Slack treats paying for their software / services differently. It runs on a freemium model, but has high conversion rate to paying customers for its offerings. It is not that paying users get full search of the a complete archive and more plug-ins, but also quite good support (yes there are a few others that give quite good support - though this isn't the norm). The pay model provides improved search powers and interoperability / integration, which being severe pain points in organizations make it worth paying for and the pricing per user makes that a bargain (hey Slack don't go changing the price though).

Yet, what really makes Slack's payment model special and different is you only pay for accounts used that month. (Did I hear a collective "WHAT?") Yes, you don't pay for the number of prospective seats nor tied into long contracts that go beyond the needed time span. Ever try to get a reduction in seats paid for after a few months when you have realized only 60% of the seats paid for are used and that doesn't look like it will shift over the next 18 to 30 months of the life of the lock-in? Slack understands that pain and opted to not partake in that model of pain.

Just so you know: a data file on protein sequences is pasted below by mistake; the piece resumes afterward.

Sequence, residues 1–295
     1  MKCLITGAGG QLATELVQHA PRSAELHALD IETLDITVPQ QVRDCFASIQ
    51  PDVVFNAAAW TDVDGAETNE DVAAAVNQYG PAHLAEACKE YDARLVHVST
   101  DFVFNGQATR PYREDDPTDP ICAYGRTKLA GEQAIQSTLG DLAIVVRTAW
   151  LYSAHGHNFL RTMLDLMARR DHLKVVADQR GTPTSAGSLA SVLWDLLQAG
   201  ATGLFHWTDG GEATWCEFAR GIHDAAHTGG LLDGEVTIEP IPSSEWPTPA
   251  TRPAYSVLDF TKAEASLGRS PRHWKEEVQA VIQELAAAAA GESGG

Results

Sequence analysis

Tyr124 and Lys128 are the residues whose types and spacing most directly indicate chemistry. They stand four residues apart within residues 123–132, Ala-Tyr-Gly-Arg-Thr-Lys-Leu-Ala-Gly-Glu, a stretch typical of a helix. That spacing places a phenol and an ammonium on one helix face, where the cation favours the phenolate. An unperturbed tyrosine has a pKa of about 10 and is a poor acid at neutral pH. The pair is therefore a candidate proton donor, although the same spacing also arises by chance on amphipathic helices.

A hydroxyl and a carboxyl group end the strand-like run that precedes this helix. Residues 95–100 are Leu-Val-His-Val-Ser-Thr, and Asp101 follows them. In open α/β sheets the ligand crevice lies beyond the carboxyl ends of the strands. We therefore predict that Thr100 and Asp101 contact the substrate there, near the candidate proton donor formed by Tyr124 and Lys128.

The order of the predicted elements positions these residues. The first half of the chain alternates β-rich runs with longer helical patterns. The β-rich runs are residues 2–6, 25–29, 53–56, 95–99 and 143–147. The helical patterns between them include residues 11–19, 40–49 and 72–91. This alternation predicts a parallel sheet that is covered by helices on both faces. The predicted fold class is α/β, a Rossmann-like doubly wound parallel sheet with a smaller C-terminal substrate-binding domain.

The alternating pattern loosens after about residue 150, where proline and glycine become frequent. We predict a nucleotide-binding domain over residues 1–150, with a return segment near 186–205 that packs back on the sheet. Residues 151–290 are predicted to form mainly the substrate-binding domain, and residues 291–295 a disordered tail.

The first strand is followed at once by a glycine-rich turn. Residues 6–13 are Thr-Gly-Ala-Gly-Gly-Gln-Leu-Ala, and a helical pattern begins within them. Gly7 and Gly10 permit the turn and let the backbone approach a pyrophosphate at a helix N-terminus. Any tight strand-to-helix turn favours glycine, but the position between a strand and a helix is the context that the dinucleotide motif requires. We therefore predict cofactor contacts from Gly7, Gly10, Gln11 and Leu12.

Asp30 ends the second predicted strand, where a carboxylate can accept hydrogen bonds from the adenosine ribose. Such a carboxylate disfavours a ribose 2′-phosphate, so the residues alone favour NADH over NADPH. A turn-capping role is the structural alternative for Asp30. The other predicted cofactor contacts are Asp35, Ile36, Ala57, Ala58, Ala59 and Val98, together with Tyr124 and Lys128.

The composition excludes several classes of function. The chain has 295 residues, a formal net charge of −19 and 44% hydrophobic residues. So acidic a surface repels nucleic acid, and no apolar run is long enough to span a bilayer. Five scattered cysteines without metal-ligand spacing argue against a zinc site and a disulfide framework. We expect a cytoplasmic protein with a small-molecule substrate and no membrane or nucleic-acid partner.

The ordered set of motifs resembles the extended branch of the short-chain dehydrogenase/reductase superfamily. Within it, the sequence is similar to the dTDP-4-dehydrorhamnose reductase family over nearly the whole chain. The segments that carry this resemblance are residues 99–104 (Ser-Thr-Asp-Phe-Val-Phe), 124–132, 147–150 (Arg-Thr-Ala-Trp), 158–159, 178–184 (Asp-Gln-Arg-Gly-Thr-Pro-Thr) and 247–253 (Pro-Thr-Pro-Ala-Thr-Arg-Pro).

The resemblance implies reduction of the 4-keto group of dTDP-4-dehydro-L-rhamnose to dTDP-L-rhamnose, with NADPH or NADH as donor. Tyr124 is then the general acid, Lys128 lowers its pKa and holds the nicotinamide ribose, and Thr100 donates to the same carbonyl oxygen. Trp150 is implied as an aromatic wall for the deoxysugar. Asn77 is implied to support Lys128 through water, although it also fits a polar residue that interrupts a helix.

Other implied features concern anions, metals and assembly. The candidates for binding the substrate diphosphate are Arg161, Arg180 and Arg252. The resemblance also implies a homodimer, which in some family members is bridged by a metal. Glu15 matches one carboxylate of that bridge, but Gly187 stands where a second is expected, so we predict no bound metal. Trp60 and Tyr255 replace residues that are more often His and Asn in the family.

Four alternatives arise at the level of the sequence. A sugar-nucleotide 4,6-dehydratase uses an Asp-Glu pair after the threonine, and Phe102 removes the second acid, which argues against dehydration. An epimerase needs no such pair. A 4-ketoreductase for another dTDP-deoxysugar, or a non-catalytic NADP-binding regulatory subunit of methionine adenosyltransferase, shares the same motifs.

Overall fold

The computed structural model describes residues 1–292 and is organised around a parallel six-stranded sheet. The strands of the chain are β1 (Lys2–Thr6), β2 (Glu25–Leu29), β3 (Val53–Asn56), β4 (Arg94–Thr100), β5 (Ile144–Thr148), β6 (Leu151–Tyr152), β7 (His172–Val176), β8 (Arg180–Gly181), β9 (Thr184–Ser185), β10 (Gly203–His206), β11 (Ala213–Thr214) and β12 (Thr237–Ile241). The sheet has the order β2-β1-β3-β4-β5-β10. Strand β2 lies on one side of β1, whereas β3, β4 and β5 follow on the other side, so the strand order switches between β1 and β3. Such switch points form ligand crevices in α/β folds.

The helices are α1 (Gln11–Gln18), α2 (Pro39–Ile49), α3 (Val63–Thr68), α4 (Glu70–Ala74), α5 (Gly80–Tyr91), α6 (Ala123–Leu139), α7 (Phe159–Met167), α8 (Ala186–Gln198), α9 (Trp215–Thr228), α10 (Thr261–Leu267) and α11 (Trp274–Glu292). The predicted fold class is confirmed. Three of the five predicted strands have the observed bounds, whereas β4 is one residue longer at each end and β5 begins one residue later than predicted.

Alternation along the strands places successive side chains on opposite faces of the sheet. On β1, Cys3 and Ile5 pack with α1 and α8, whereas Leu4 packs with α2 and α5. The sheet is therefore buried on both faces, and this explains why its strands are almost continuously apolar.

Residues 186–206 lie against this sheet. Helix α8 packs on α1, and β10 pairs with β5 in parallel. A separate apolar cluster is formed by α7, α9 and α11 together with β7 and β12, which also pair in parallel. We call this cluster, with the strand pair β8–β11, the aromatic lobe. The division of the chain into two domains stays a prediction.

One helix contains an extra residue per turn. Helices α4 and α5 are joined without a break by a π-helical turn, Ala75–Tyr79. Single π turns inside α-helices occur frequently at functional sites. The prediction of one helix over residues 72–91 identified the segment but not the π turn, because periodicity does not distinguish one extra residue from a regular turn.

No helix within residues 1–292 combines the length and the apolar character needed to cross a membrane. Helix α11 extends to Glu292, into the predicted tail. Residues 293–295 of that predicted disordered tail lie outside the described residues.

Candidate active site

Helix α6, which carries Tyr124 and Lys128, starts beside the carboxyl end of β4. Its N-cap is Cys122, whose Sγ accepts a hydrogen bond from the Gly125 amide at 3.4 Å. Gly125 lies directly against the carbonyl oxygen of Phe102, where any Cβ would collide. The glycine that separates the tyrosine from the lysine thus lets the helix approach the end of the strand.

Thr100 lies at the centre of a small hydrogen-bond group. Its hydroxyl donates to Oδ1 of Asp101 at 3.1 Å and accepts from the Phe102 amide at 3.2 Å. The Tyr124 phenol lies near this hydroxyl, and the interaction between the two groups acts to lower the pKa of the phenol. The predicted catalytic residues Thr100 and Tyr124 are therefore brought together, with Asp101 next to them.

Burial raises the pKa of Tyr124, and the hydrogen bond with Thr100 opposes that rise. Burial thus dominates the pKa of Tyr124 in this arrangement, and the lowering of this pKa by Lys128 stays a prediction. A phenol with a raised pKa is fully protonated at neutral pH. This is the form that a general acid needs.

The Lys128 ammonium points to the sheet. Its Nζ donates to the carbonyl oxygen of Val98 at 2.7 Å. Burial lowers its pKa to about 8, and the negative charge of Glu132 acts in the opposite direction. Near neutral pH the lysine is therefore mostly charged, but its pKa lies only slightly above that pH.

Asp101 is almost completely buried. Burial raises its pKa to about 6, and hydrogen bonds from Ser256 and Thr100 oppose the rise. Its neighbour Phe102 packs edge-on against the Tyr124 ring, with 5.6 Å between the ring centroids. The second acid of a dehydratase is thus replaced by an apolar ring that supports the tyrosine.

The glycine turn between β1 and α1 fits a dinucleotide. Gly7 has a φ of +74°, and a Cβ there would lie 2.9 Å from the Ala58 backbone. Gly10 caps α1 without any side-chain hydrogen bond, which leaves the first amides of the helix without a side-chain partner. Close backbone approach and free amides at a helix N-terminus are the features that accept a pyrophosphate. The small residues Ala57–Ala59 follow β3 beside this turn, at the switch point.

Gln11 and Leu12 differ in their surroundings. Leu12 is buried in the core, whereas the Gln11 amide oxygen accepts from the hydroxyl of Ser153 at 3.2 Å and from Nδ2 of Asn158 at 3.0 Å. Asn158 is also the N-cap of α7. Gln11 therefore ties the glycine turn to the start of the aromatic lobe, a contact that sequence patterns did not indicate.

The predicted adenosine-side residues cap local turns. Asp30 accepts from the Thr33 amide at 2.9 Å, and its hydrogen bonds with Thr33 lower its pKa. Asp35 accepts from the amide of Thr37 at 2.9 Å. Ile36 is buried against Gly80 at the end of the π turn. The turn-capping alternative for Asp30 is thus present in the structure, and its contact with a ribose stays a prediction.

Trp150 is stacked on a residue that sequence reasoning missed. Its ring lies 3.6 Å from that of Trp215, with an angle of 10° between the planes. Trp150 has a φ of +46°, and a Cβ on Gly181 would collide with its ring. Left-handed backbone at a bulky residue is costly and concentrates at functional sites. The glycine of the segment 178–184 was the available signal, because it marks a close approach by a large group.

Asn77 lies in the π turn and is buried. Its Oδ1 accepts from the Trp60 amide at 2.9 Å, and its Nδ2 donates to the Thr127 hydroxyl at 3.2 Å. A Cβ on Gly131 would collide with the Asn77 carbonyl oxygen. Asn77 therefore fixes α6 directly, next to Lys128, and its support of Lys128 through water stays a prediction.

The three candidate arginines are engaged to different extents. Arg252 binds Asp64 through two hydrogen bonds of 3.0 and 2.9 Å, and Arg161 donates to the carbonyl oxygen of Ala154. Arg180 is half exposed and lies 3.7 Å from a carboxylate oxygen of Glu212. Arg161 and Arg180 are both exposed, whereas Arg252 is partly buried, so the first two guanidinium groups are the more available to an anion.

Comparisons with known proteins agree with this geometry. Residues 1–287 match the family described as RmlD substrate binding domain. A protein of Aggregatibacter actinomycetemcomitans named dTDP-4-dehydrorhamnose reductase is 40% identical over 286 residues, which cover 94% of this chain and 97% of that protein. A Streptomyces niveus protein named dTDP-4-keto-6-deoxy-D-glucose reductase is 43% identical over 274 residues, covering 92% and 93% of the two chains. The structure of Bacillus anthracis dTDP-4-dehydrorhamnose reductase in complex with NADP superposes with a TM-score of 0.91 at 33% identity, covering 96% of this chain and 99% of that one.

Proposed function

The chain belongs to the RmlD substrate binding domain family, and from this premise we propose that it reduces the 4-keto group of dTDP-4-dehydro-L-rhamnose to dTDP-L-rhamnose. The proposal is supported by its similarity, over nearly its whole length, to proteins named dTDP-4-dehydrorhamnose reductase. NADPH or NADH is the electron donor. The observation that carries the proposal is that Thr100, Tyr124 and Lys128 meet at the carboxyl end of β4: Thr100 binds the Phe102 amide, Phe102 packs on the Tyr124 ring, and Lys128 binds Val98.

In short Slack reduces pain and increases efficiency and value

So, the reasons why Slack seems to be at the tip of many business and enterprise tongues (as an inquiry or recommendation) is focussing on what is delivered, its ease, and the value people get.

Slack aims at delivering a usable (and friendly) service as a means to communicate to get and share information and knowledge. But, in doing this also knocks out some nasty pains people in organizations really don't like and have long wanted resolved. Slack is basically the un-enterprise solution as it focusses on being easy to use, reduces pain points, and tries to be friendly. Yes, this is software for the enterprise, or for the parts that don't relish pain.

So Slack is perfect and the cure all?

Um, no. Slack is far from perfect. It isn't trying to be everything. So, you are wondering what are the pain points or limitations?

Slack isn't going to scale to meet your hundreds or thousands of employees needs today